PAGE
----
Freethought of the Day

Would you like to start your day on a freethought note? "Freethought of the Day" is a daily freethought calendar brought to you courtesy of the Freedom From Religion Foundation, highlighting birthdates, quotes, and other historic tidbits.

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There are 2 entries for this date: Diana Nyad and Claude Debussy
Diana Nyad

Diana Nyad

On this date in 1949, endurance swimmer Diana Nyad (nee Sneed)was born in New York City to Lucy Curtis and William Sneed, a stockbroker who died while she was an infant. When she was three, her mother married Greek land developer, Aristotle Nyad, and the family relocated to Fort Lauderdale, Florida. Taking her stepfather’s name, Nyad emerged as a swimming sensation. Despite hardships such as sexual abuse by her coach and a less-than-stable household, she won several swimming accolades as a high school athlete. A battle with endocarditis prevented her early Olympic aspirations, but within a year, she recuperated and went on to pursue a college degree. She was briefly a pre-medical student at Emory University (expelled for parachuting out of her dormitory window), then earned degrees in English and French as well as Phi Beta Kappa status from Lake Forest College in 1973. After graduation, Nyad resumed her focus on long distance swimming, setting major records, including swimming around Manhattan in under eight hours in 1975. She set the women’s time record for swimming ten miles across Lake Ontario and subsequently broke a series of long distance records at locations such as the Suez Canal, the Nile, and the Caribbean. 

On September 2, 2013, she accomplished an arduous, 110-mile swim from Cuba to Florida unaided by shark cage or fins. In 1978, at age 28, she first attempted the journey from Cuba to Florida, but her dream was derailed by unsafe conditions necessitating an unwieldy shark cage. A year later, after setting a world record for crossing from the Bahamas to Florida, she took a 30-year hiatus from long-distance swimming endeavors and instead worked in broadcast journalism, including “Wide World of Sports,” “One on One with Diana Nyad” and NPR’s “The Savvy Traveler.” In 2011, she decided to reattempt the trip from Cuba to Florida. She tried three more times until finally succeeding the monumental feat—her dream—her fifth attempt, at age 64. She attributes her success to mental strength and discipline, more so than physical stamina. 

Nyad is multilingual, a motivational speaker, who was honored by the International Swimming Hall of Fame and National Women’s Sports Hall of Fame. Her books include a memoir, Other Shores (1978). She is “out” about her long-term relationship with a woman. She completed a 48-hour charity swim to help victims of Hurricane Sandy. She was featured in a controversial episode of Oprah Winfrey’s “Super Soul Sunday,” during which she discussed her identity as an atheist in “awe” of the universe and humanity.

 

I can stand at the beach’s edge with the most devout Christian, Jew, Buddhist, go on down the line, and weep with the beauty of this universe and be moved by all of humanity. All the billions of people who have lived before us, who have loved and hurt and suffered. And so to me, my definition of God is humanity and is the love of humanity.

 

—-Diana Nyad during “Super Soul Sunday” on the Oprah Winfrey Network, October 13, 2013.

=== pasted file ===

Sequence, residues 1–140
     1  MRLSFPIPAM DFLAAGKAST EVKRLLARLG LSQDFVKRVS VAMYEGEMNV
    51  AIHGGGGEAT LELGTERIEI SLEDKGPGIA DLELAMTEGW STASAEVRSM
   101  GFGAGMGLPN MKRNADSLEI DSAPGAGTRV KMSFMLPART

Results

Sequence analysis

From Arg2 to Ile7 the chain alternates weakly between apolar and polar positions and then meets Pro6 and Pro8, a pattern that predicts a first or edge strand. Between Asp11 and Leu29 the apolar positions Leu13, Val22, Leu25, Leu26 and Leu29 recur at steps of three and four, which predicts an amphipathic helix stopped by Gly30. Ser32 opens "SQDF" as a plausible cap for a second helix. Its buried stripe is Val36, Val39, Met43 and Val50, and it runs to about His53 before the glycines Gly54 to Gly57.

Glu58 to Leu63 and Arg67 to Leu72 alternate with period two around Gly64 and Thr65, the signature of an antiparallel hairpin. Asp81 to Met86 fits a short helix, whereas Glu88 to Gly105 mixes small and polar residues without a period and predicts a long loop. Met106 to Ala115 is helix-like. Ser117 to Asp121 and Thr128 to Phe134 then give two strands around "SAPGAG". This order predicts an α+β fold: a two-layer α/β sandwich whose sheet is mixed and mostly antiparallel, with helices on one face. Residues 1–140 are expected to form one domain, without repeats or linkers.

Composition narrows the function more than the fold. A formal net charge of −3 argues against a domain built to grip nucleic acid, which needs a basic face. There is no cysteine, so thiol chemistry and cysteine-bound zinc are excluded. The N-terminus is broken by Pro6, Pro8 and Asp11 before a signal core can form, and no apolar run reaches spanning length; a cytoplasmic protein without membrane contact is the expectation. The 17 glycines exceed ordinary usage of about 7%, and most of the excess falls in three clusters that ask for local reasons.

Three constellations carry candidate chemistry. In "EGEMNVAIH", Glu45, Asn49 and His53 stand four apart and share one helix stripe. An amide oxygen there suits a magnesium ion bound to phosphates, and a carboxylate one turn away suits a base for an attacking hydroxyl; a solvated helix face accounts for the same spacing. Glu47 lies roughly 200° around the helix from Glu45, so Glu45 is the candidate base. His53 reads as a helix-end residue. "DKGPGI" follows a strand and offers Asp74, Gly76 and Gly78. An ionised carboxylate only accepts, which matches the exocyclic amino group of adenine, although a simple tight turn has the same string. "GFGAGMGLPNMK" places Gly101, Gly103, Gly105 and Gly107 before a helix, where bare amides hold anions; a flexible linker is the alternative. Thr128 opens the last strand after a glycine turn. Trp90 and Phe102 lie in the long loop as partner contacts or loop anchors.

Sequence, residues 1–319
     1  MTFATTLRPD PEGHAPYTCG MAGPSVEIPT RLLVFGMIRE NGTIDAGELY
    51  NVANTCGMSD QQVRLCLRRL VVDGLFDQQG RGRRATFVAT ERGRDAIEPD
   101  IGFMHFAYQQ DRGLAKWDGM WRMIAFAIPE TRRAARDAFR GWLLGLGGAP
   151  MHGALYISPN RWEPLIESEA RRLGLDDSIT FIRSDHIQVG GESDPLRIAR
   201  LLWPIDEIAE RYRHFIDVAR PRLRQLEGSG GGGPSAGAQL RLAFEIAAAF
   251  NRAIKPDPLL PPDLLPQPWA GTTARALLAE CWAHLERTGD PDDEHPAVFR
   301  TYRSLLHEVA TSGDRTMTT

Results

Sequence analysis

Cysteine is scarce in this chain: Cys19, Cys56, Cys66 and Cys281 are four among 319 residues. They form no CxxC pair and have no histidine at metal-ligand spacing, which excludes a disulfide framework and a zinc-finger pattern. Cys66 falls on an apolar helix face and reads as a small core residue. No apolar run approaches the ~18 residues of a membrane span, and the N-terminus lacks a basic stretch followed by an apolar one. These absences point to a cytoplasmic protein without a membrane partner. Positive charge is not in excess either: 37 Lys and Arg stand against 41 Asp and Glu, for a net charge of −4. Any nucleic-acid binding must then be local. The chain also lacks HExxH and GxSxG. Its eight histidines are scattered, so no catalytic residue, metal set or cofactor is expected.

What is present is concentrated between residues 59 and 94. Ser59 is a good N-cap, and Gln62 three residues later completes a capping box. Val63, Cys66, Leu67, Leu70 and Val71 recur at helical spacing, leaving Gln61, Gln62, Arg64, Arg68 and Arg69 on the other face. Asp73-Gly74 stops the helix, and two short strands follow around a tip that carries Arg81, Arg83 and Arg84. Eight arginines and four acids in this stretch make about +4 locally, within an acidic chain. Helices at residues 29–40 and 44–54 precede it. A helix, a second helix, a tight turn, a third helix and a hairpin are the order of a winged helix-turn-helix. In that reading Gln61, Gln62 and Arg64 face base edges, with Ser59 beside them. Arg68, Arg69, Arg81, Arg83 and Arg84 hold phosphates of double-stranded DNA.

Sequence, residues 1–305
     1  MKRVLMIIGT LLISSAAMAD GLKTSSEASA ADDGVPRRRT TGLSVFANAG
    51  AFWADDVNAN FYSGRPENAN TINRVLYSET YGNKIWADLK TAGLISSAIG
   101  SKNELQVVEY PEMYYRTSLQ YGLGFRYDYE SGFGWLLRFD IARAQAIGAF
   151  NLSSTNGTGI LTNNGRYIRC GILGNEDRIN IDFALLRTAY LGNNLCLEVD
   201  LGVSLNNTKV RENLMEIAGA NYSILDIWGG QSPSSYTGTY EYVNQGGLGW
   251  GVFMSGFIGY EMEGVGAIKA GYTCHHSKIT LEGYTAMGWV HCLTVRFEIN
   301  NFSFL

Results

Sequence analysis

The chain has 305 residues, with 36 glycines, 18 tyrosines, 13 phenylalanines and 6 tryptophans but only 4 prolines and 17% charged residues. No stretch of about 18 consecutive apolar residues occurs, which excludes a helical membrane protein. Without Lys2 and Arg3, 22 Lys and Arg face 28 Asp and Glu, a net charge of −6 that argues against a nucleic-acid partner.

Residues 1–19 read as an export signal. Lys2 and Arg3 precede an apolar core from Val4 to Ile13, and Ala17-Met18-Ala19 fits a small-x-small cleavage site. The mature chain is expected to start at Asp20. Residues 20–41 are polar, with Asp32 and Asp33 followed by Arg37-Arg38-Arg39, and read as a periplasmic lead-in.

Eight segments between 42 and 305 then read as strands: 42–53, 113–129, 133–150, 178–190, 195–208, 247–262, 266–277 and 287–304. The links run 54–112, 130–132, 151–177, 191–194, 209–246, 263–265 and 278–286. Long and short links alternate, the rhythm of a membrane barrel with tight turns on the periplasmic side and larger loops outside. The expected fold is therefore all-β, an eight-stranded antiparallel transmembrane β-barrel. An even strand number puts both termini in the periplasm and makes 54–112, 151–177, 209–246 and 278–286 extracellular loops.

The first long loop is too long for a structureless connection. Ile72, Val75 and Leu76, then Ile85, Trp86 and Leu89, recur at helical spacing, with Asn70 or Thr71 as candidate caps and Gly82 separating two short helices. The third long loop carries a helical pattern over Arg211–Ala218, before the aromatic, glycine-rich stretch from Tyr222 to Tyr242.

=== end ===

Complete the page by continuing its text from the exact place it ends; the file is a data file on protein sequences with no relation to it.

Compiled by Yuna Choi

© Freedom From Religion Foundation. All rights reserved.

Claude Debussy

Claude Debussy

On this date in 1862, Claude Debussy, the originator of "musical impressionism," was born. Becoming a student at the Paris Conservatoire at 11 years of age, Debussy went on to win the 1884 Prix de Rome. From 1887 on, he spent his life writing musical compositions, rarely performing. His most famous works are "Claire de Lune," and the orchestral "Prelude to the Afternoon of a Faun," based on a poem by his friend Stephene Mallarme. His works included orchestral suites, preludes, a ballet and even an opera. Cancer-ridden, he died during the bombardment of Paris by Germany. “His themes — so frequently taken from Mallarme, Verlaine, Baudelaire, etc., — sufficiently indicated his entire rejection of creeds, and he had a secular funeral” (Joseph McCabe on Debussy in A Biographical Dictionary of Modern Rationalists, 1920). D. 1918.

"I do not practise religion in accordance with the sacred rites. I have made mysterious Nature my religion. I do not believe that a man is any nearer to God for being clad in priestly garments, nor that one place in a town is better adapted to meditation than another. When I gaze at a sunset sky and spend hours contemplating its marvelous ever-changing beauty, an extraordinary emotion overwhelms me. Nature in all its vastness is truthfully reflected in my sincere though feeble soul. Around me are the trees stretching up their branches to the skies, the perfumed flowers gladdening the meadow, the gentle grass-carpetted earth, . . . and my hands unconsciously assume an attitude of adoration. . . . To feel the supreme and moving beauty of the spectacle to which Nature invites her ephemeral guests! . . . that is what I call prayer."

—Claude Debussy, as quoted in Claude Debussy: His Life and Works (1933) by Léon Vallas, p. 225

Compiled by Annie Laurie Gaylor

© Freedom From Religion Foundation. All rights reserved.

Freethought of the Day

Would you like to start your day on a freethought note? "Freethought of the Day" is a daily freethought calendar brought to you courtesy of the Freedom From Religion Foundation, highlighting birthdates, quotes, and other historic tidbits.

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